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Old February 10 2009, 12:22 AM   #30
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Re: Should the USAF take over incompetent NASA?

Herbert wrote: View Post

Further, I don't see why manned spaceflight would be of any interest to the U.S. Air Force.

There's this corporate connection to the guys who supply hardware for the US Air Force and guys who deliver satellites for the DOD. Boeing and Lockheed Martin are not just sellers of Aircraft, they made money in other areas also like hundreds of millions in commercial satellite contracts. When Griffin backed Ares-I and Ares-V he showed he wanted to keep the Shuttle staff and dump the Boeing/Lockheed teams who were providing some great satellite launch service. The EELV program was dumped in favor of corporate welfare program for ATK Thiokol, the hardware that gets us to the Moon again is the same hardware derived from dangerous Shuttle componets.

Obama Team told EELVs can save NASA

For more than three years, NASA chief Mike Griffin has maintained that the safest, most reliable and affordable way to return astronauts to the moon is on the Ares I, a rocket that he helped design from parts of the space shuttle. Alternatives, he insisted, such as modified military rockets, were simply not capable of carrying humans to the moon and beyond.

But interviews, as well as documents obtained by the Orlando Sentinel, indicate that military rockets can lift astronauts safely into space - and to the moon - for billions less and possibly sooner than NASA's current designs.
On Oct. 27, Walker told county commissioners, U.S. Reps. Tom Feeney, R-Oviedo, and Dave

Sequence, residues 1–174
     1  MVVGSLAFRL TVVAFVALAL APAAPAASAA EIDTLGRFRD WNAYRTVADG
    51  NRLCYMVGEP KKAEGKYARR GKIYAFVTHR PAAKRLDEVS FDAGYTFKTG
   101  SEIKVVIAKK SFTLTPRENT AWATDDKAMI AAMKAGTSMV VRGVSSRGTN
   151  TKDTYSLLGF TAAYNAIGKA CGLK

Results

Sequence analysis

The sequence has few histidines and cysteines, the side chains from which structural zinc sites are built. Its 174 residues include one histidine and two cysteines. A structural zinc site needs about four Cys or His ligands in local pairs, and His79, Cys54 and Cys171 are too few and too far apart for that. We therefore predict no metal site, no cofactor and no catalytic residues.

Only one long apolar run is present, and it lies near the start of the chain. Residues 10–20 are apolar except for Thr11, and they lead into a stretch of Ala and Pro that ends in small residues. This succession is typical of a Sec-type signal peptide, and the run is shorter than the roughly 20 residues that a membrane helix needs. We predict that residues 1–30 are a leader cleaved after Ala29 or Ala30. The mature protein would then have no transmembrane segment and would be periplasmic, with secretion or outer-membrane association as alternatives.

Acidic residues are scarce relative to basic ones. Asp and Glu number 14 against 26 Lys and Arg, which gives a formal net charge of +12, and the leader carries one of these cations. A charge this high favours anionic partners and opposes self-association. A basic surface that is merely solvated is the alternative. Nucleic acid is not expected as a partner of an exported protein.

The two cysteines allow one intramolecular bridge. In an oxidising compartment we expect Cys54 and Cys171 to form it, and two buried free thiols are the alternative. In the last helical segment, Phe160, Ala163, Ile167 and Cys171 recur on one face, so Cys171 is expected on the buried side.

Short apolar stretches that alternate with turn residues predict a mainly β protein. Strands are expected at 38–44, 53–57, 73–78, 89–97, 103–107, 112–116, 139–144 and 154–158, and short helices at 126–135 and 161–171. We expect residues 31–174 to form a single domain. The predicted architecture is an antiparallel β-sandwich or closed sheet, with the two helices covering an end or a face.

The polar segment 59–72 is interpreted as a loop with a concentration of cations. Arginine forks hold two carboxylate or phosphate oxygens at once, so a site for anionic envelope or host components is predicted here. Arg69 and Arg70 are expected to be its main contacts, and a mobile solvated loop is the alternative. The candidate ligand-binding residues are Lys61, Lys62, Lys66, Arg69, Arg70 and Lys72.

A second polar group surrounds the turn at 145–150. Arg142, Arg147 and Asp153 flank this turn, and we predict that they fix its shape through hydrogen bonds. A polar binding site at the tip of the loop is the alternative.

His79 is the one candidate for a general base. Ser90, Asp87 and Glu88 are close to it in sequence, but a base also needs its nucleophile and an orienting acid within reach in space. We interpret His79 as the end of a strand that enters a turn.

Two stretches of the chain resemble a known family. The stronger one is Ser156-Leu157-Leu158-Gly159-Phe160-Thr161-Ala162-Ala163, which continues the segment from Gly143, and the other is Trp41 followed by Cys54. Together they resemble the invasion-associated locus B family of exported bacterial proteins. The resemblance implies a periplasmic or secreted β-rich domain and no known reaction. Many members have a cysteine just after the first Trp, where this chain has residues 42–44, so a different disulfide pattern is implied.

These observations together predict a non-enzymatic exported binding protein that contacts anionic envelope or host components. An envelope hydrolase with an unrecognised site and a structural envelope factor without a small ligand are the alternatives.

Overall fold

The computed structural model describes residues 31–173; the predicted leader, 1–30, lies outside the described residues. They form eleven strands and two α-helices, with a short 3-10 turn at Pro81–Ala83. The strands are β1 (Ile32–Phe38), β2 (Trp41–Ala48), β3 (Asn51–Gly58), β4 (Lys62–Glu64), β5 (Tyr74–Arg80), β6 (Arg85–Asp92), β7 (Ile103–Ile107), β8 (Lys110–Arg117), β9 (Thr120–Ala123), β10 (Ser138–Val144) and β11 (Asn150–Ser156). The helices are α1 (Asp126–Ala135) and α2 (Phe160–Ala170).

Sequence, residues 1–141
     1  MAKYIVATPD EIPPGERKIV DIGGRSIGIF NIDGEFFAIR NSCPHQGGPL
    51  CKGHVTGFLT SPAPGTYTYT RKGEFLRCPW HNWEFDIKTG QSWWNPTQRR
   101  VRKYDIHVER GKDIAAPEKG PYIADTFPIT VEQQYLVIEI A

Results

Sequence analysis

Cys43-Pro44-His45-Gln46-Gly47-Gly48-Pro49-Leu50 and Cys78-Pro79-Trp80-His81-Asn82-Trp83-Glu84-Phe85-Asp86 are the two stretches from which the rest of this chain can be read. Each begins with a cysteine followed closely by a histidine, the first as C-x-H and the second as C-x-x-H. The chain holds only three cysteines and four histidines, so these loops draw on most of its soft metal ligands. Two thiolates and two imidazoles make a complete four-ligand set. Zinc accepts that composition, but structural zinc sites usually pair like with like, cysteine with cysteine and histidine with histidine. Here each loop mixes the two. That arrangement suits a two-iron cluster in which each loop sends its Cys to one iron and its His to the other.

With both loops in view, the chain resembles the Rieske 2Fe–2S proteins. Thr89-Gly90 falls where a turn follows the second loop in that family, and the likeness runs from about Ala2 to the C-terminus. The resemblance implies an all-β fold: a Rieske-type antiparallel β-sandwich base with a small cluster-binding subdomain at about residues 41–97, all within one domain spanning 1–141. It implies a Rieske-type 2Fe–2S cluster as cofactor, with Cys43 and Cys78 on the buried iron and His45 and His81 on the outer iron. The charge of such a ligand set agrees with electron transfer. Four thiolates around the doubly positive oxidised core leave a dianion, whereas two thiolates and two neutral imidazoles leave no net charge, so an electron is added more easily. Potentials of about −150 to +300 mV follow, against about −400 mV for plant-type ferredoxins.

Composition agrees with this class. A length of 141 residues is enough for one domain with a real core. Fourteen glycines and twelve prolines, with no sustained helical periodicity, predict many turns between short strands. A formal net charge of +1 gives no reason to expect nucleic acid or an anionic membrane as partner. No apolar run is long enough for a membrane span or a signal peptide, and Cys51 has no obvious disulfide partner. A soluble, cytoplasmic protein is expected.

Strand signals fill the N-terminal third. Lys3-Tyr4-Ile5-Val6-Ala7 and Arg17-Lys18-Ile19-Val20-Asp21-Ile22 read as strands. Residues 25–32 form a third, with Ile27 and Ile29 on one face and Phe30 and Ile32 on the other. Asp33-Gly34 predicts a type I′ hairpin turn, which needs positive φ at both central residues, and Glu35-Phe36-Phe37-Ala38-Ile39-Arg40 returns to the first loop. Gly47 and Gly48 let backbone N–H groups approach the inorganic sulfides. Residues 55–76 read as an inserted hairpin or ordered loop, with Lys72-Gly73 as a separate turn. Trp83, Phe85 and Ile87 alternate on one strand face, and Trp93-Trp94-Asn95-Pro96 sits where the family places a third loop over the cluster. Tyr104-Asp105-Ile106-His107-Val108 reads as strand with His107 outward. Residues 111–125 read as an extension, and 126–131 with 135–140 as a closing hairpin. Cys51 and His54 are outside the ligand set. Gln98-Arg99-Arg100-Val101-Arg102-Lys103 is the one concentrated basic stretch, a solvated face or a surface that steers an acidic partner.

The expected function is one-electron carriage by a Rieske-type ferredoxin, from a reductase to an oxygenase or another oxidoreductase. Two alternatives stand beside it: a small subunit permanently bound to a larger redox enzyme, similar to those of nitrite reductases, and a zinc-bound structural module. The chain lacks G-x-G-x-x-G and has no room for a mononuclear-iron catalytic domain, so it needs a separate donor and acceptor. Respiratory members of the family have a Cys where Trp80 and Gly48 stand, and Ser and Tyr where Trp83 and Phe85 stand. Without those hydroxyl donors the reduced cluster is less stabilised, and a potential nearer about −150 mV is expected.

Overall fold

Weldon, R-Indialantic, and representatives of the local aerospace community that the word at the conferences was "that Ares I could be on the chopping block."

Industry officials say that a few days later, Griffin called Robert Stevens, the CEO of Lockheed Martin Corp., which jointly owns ULA together with Boeing Co., and demanded that Stevens stop what Griffin said was the subsidiary's efforts to "kill Ares I" by promoting versions of its own rockets that could carry humans to space.

NASA confirmed the conversation but provided no details. Lockheed Martin said it does not comment on conversations with government officials. Spokesman Scott Lusk* said Lockheed is "fully supportive of NASA's Project Constellation and is not engaged in any activities advocating alternative launch vehicles."

But Griffin has said before that EELV supporters have exaggerated troubles with the Ares as a plot to undermine the program. In April, he lashed out at ULA, and its parent companies, both of whom have lucrative Constellation program contracts.
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